Submitted by Michele Gurgas on

The proposed I290 expansion will create more air pollution, noise pollution, visual blight, and lower our property values. It will not solve highway congestion or safety concerns.

1. Congestion Remains the Same: Currently I290 is congested 17 hours per day. The proposed expansion may decrease congestion to 16.5 hours per day.

2. The Myth of the Left Side Ramp: IDOT "national" study is of 4 ramps in Florida. IDOT needs to provide real I290 ramp safety data before spending potentially $1 Billion.

3. More Dangerous for Drivers: Half of the highway lanes will be reduced from the recommended 12 feet to 11 feet in width. Eleven foot wide lanes are increasingly unsafe; increased accidents will increase highway congestion.

4. Quality of Life: New elevated right-hand ramps will be higher than our homes, increasing air, noise, and visual pollution in our neighborhood.

5. Provide Real Alternatives: IDOT is repackaging the same road expansion into four separate "alternatives". People need real alternatives like CTA and Metra expansion, buses, transit-oriented development, and intermodel facilities.

6. Community Concerns: IDOT has not considered environmental, economic, financial, and social justice criteria on how this construction project will affect Oak Park and other west side communities. Additionally, with the current plan, all of the bridges will need to be reconstructed due to the pillar locations; causing major disruption to our community.

Submitted by Chris Donovan on

Is there any public information on the conversations between IDOT and CSX regarding the possible acquisition of the existing railroad right-of-way for use with the expansion of lanes. During the forum at the Proviso Math & Science Academy the CTA and IDOT reps made mention of talks with CSX, including CSX's need to retain one line, presumably for supplying Ferrara Pan, the single use of those tracks. Higher transportation costs for Ferrara Pan could be offset with the State's business retention tax credits (like the ones ADM is requesting) CMAP's own report indicated that the CSX tracks are obsolete, and the connecting CN spur in River Forest is unused since the purchase of the EJ&E. So, what is the problem with getting these negotiations finalized?

Submitted by Rob Cole on

No, IDOT has not made public any discussions with CSX.

Submitted by Reshma Desai on

I have heard that the expansion would only reduce congestion from 7 hours a day to 6.5 hours a day. That outcome seems way too insignificant compared to the expense; construction delays; impact on surrounding roads like Roosevelt; and most importantly the impact on the neighborhoods surrounding the 290.
Why can't we expand the public transportation? Thanks

Submitted by MJ on

Not surprisingly, the World Health Organization has come out and said that one of the leading causes of cancer is air pollution. Those that live along the Eisenhower have for years been exposed to air pollution from the Eisenhower. And now they want to expand lanes, increase noise and air pollution, and put us through the misery of years of construction too? This is exactly what President Clinton had in mind when he developed his directive on Environmental Justice. Oak Parkers and others that live along the expressway deserve more consideration of alternative modes of transportation and/or concessions for putting up with the "progress and improvements" sought by our friends in the western suburbs.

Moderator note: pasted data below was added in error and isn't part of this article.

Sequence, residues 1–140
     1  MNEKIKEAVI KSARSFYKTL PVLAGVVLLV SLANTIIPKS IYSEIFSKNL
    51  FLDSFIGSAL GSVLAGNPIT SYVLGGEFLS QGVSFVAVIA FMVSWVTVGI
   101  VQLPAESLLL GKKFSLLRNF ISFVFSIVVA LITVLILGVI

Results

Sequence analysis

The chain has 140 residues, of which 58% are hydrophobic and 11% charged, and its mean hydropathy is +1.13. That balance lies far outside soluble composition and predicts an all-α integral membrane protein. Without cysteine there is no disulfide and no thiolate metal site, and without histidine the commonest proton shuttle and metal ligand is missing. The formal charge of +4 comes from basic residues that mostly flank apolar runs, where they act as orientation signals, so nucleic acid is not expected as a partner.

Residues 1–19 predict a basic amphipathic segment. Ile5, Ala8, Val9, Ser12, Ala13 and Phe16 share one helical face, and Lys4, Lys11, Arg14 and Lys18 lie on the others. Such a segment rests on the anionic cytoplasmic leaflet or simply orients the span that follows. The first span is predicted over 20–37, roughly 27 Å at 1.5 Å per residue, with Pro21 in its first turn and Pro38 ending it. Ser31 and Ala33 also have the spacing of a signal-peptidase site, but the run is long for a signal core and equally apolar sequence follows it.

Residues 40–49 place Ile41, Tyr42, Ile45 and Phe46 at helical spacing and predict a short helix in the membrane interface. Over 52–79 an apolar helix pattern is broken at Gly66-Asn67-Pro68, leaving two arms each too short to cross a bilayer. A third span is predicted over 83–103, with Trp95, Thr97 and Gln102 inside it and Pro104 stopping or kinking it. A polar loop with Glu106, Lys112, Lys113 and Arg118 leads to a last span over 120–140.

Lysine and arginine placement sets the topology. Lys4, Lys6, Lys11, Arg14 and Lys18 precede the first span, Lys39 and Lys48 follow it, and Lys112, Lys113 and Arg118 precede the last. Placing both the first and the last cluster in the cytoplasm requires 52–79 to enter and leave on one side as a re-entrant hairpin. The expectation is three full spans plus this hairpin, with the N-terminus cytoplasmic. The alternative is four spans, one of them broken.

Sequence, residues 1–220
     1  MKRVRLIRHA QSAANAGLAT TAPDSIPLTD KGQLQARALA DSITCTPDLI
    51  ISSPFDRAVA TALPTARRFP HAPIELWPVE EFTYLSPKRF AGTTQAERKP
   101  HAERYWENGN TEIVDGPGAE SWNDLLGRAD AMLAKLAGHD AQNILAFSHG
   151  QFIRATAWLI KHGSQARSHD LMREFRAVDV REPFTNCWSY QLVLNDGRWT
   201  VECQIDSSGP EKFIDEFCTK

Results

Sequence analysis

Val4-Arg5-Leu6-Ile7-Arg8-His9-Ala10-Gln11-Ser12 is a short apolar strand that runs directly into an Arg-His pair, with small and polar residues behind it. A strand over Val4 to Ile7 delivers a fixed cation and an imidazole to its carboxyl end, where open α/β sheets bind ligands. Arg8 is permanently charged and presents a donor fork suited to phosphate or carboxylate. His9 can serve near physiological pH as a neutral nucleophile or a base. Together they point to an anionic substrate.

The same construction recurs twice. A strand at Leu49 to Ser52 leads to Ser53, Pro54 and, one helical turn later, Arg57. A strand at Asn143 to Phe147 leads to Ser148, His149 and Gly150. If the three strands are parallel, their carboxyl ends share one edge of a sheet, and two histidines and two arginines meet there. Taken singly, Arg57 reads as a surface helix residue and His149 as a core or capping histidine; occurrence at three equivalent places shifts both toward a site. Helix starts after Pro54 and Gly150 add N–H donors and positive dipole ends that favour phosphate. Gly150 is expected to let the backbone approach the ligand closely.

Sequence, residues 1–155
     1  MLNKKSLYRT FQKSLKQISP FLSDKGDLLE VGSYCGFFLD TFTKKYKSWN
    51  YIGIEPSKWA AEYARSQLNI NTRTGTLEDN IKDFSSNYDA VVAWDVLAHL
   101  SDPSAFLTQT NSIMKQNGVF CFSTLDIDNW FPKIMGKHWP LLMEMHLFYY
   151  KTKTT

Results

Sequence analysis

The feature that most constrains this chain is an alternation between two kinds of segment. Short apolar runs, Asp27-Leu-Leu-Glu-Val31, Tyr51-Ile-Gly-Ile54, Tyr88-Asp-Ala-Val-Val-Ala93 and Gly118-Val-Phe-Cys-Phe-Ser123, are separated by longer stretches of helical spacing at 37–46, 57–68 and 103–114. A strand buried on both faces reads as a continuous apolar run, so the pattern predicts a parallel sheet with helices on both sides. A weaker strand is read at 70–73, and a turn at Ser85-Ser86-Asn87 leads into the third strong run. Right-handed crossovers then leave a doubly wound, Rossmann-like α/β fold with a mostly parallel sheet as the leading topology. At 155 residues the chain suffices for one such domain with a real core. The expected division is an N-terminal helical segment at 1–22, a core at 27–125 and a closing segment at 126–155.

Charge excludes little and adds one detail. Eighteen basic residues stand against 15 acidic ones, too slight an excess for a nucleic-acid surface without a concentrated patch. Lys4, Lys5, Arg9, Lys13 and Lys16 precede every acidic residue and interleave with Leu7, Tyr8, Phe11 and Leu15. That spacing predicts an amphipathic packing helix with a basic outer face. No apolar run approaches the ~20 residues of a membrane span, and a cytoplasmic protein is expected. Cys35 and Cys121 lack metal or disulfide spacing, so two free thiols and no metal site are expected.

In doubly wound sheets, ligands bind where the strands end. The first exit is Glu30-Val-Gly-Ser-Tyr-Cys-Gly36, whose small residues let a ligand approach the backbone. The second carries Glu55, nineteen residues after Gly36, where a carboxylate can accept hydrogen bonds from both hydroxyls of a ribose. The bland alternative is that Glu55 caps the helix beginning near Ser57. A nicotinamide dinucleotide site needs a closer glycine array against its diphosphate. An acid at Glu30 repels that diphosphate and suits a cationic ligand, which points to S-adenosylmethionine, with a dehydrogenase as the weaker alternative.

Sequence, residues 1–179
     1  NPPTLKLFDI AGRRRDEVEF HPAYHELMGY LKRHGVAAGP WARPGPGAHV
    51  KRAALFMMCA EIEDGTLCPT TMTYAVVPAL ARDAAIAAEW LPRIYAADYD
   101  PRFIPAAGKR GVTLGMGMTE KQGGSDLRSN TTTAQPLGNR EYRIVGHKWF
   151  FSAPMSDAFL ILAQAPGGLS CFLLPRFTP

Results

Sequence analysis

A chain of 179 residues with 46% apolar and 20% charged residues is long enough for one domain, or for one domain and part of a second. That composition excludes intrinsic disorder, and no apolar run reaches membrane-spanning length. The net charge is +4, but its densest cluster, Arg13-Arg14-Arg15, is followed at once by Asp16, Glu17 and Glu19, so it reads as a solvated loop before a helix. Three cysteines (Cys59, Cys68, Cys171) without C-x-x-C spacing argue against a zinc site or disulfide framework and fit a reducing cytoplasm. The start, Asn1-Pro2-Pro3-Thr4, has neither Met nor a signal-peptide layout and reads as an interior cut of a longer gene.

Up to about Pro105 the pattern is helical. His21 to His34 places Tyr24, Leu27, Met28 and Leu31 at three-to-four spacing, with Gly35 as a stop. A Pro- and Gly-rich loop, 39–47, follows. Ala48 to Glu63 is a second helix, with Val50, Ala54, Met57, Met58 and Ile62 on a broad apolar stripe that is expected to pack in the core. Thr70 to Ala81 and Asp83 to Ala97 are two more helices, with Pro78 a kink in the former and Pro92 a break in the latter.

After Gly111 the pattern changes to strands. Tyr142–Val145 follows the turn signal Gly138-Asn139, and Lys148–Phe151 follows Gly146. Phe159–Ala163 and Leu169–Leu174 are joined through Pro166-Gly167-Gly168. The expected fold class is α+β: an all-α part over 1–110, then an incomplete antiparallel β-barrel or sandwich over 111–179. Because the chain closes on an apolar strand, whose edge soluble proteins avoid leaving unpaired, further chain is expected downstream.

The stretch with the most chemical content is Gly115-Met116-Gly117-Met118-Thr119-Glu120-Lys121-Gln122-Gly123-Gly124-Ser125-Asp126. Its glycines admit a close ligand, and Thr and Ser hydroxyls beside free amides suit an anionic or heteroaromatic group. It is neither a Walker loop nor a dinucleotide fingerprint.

Submitted by Douglas Chien on

IDOT spent $140 million on the Hillside strangler. The outcome? Congestion was moved to a different location and travel times went down by a grand 60 seconds. This does not factor in the additional time drivers LOST during the construction. That was $140 million wasted.

This is way more than a 'reconfiguration.' All 4 alternatives are expansions of the highway, bringing more traffic and its bedfellows: air, visual, and noise pollution. Moving the ramps will bring these negatives that much closer to our individual residences without reducing the number of crashes.

The highway expansion will bring no benefits to Oak Park. Some may think that adding more lanes and moving the ramps will ease congestion on Harlem and Austin but that will not happen. People will see new lanes and decide to drive when they may have used transit before. The end result will be the same congestion we suffer with now.

The only way to reduce congestion on I290 is to give people actual alternatives i.e. better train and service. None of the 4 alternatives does this.

I expect our Village Board to strongly fight this expansion.

IDOT will claim they are constrained by where the dollars come from or that they don't have the authority to do things like mass transit. This is BS. With the right political pressure from the Village Board and our State and Federal representatives we can achieve a solution that works for our community and the region. Adding more lanes is a waste of money. It is an outdated way of thinking. It is NOT a solution.